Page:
Principles-Based Regulation for Food and Drugs

Anahad O’Connor writes,

The Food and Drug Administration frequently recalls dietary supplements that are found to contain banned substances. But a new study suggests that many of these products return to store shelves months later with the same dangerous ingredients.

With principles-based regulation, you look at companies to see if they have processes in place to ensure that they follow the right principles. Do the health-food stores have people in charge of checking the labels of what they put on shelves? Do the companies that manufacture drugs have people in charge of making sure that they do not put known dangerous chemicals into the drugs? Do the companies that import drugs from overseas have processes in place to ensure that they are not tainted? etc.

When you find processes that are flawed, you order fixes. When find an absence of processes, you impose heavy penalties, which might include prison for the executives.

W Bent the Cost Curve

Loren Adler and Adam Rosenberg write,

Despite constituting barely more than 10 percent of Medicare spending, our analysis shows that Part D has accounted for over 60 percent of the slowdown in Medicare benefits since 2011 (beyond the sequestration contained in the 2011 Budget Control Act).

So, it was not so much Obamacare that slowed the growth in Medicare spending. It was the market-oriented and much-reviled prescription drug plan enacted under President Bush.

Tax-free Savings Accounts

Chris Edwards says that they are working in Canada.

In just the past year, TFSA account assets increased 34 percent, and the number of accounts increased 16 percent. In June 2014, 13 million Canadians held $132 billion in TFSA assets. Given that the U.S. population is about 10 times that of Canada, it would be like 130 million Americans pouring $1.3 trillion into a new personal savings vehicle.

Edwards also links to a 2002 proposal for Universal Savings Accounts.

Of course, if you believe in secular stagnation or the r-g is a big problem, then the last thing you want to see is more saving.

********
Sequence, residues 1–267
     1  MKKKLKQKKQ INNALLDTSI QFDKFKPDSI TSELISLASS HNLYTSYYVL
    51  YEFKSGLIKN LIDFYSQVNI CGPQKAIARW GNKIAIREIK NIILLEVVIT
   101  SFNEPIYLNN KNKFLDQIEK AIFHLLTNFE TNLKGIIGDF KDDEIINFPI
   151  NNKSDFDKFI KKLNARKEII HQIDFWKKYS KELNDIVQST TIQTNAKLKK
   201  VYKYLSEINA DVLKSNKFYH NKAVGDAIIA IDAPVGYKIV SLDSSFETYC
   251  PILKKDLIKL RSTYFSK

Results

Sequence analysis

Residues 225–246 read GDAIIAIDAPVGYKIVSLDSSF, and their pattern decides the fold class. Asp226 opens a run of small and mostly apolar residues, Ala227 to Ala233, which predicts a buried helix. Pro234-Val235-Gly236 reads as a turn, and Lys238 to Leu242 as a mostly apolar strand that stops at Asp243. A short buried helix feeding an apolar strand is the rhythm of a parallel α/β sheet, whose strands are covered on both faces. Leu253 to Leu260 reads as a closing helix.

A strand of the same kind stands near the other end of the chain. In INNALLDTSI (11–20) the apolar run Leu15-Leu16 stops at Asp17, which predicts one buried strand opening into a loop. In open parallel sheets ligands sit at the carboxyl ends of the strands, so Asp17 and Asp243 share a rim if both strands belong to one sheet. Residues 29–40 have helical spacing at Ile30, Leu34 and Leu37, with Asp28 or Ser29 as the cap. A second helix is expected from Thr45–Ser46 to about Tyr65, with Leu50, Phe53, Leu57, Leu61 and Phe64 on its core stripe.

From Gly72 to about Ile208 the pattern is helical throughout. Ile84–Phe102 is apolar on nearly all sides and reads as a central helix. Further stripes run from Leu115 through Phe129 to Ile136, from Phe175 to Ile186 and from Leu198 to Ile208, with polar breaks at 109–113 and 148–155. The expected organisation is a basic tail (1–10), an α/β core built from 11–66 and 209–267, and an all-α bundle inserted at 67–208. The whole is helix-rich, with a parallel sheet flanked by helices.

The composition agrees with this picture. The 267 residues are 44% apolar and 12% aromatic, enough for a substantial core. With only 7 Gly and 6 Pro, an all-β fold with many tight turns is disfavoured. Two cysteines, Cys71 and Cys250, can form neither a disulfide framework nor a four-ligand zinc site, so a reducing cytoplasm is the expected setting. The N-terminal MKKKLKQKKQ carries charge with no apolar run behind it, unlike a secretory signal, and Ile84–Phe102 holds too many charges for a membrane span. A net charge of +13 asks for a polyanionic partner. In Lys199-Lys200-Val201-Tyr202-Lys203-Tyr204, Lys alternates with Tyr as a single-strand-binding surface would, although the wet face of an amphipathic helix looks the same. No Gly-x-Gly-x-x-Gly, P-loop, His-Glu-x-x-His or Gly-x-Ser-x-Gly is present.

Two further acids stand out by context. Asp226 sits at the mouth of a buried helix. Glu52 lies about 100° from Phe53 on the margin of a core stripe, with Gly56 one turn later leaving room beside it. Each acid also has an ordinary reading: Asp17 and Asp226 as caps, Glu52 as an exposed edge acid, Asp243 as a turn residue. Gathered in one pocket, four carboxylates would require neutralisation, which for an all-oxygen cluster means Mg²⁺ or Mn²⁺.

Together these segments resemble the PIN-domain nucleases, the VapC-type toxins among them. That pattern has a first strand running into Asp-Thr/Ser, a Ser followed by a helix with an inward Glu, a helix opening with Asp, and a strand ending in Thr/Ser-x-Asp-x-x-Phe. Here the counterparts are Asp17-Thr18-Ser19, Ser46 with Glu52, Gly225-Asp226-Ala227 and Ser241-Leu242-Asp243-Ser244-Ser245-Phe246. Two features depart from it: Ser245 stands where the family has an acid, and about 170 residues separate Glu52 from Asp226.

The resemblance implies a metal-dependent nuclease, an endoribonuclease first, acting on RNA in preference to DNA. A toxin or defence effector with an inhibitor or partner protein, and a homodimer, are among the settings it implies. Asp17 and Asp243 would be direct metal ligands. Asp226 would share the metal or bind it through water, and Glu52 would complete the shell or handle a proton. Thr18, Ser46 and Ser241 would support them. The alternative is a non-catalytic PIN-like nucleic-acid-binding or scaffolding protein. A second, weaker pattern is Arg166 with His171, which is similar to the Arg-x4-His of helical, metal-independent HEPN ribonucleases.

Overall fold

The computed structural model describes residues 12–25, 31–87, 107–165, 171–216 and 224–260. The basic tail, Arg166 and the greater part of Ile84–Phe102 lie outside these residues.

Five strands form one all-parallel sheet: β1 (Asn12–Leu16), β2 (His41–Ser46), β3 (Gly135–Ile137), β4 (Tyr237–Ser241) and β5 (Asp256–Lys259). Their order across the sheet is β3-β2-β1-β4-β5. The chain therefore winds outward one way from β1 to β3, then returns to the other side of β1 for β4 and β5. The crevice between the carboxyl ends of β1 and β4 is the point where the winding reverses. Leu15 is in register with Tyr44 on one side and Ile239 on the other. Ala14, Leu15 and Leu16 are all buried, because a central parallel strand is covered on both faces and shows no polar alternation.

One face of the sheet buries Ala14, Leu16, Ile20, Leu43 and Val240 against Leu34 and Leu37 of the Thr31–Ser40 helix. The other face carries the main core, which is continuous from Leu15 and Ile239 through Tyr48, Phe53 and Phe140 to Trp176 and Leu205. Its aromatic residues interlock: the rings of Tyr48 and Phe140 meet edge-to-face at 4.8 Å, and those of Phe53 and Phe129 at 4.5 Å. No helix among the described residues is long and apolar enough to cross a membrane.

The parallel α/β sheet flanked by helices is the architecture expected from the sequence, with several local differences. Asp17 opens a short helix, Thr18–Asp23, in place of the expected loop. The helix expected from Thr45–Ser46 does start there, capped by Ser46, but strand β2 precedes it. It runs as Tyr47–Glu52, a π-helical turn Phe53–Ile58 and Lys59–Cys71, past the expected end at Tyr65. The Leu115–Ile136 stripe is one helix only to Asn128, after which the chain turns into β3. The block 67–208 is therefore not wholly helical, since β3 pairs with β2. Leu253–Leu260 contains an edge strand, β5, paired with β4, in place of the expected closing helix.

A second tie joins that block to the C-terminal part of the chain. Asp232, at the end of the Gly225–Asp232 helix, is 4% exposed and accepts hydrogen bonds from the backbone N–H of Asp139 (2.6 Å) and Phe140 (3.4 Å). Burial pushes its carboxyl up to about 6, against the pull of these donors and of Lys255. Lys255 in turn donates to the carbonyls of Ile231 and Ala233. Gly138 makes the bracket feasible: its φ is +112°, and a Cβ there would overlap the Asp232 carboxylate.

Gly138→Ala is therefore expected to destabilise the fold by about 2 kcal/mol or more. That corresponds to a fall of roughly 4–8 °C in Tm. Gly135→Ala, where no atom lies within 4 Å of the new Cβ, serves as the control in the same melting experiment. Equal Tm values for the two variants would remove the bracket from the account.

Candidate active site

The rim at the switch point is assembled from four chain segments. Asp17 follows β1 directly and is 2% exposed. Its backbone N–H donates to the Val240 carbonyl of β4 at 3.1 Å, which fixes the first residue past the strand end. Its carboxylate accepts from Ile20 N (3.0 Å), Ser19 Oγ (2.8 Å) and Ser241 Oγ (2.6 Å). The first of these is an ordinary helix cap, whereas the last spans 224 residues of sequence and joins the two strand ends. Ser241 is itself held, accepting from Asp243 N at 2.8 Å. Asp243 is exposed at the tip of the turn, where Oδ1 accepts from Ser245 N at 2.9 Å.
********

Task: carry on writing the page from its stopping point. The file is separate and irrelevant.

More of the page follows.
The Financial Supermarket Bubble and Banking History

Here is a chart, using the Google ngram tool, showing the frequency of the appearance of the term “financial supermarket” over time.

Note the spike in the mid-1980s. Given that these are books, which appear with a slight lag, I would say that the spike in the media was in the early 1980s.

At this panel, I don’t know whether I will have time to get into the history of bank concentration in the U.S., but here it is.

1. The market share of the largest banks follows a hockey stick pattern since 1950. It stayed very low until the late 1970s, and then around 1980 it started to grow exponentially. Growth of banks had been retarded by ceilings on deposit interest rates, branching restrictions, and Glass-Steagall restrictions. Banks had been trying to find loopholes and ways around these restrictions, and regulators had been trying to close the loopholes. Then, during the period 1979-1994, the regulators stopped trying to maintain the restrictions, and instead cooperated in ending them. That was when the hockey stick took off.

2. The regulators thought that this would bring more competition and consumer benefits. What the banks had in mind was something else. That is where the chart comes in. The bankers all thought that “cross-selling” and “one-stop shopping” would be killer strategies in consumer banking. In 1981, when Sears bought Dean Witter, many pundits thought that putting a brokerage firm inside a department store was going to be a total game-changer.